The engine response of the 2x different types of carburettor will give a different response when applying WOT to 7/8ths rolloff throttle testing .
( he says ......never having tried WOT rolloff at 90mph )
The FCR sound delicious but if I were to go that route I'd fit fuel injection . I was looking at a BMW at my local MOT testing station yesterday and I can't help wondering how well our XS650s would perform with fuel injection.
They respond to EFI pretty well. I used a microsquirt ECU, and did my own set up with it. Cost around $750, read more here http://www.xs650.com/threads/sumotrack.48483/page-5 to keep this thread on carbs.
Well, I haven't put the 142 mains in yet, I have some 140s sat about too now just in case.
My reason is, and I don't know if any of you are great at reading spark plugs, but after a few hundred miles of riding (slow and highway), I noticed my exhaust mufflers are quite coated with soot, and my plugs have a sooty ring on the top couple of threads, I didn't have time to take a photo this morning, but they are pretty much like this:
Slightly sooty ring, golden insulator and grey electrode. With the soot in the pipes and plugs like this, would it not suggest a rich condition?
Slightly contrary to what I first though, considering the foam pods and open pipes!
It may be wise to try a leaner needle, I probably use the midrange more than the mains, so it would make sense that a leaner needle could help a rich condition at mid throttle position.
It might be advisable to make certain at which throttle position the over-rich mixture is occurring first.
Its quite possible that it is the idle circuit that is too rich or even a choke valve not always fully seating
When shes nice and hot try re-adjusting the idle mixture screws and idle speed screws until you have the best idle speed . You may find you need to go down one on the pilot jets if your mixture screws are near the end of adjustment . Don't forget that the idle mixture enriches all throttle positions up to 3/4 throttle so it is still having an effect at mid and 3/4 throttle and especially deceleration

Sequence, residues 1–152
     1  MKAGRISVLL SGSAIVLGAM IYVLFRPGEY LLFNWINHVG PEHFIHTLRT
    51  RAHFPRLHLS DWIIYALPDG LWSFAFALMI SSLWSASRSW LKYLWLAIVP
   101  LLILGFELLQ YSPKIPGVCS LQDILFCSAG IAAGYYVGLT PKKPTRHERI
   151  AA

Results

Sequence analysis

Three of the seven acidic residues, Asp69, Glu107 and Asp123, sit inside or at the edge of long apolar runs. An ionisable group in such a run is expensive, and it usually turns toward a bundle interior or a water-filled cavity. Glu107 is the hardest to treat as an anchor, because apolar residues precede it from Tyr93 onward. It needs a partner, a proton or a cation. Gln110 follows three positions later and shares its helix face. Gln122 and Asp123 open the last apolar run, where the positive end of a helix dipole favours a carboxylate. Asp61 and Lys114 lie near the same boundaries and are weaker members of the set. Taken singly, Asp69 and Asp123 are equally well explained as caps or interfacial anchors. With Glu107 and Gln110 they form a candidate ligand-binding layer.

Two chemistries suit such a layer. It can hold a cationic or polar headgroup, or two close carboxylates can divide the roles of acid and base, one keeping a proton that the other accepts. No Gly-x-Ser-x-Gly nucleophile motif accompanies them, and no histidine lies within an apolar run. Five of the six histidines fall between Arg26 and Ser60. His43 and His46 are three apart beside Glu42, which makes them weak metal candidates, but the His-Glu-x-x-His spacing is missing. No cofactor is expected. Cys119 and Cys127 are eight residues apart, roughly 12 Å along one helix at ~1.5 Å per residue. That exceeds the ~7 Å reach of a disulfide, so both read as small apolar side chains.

To test the mid range throttle ride the bike in third or forth holding a constant mid throttle position for about 100 yds . Note what the engine does.
Does it buck and lurch with the engine revs going up and down constantly ? which would indicate a lean mixture at mid to 3/4 throttle ....or does it keep bogging and sound like it needs more throttle ...too rich at mid throttle
Each throttle position uses a different range of jets and components so ideally it is best to mark off the throttle into 4x zones and test each zone to identify which jets ,needles, slide etc needs adjusting .
Thanks Peanut, I had seen this done on two strokes, notching the grip and marking the housing at increments to get jetting right.
I will try your suggestion on the way home from work tonight -- I have a feeling that apart from sounding "Woofly" (technical term), it pulls nice and evenly when held at 3/4 throttle. I came to work on the dual carriageway today and was behind a lorry, so would have been hanging back in 4th gear for a good stretch.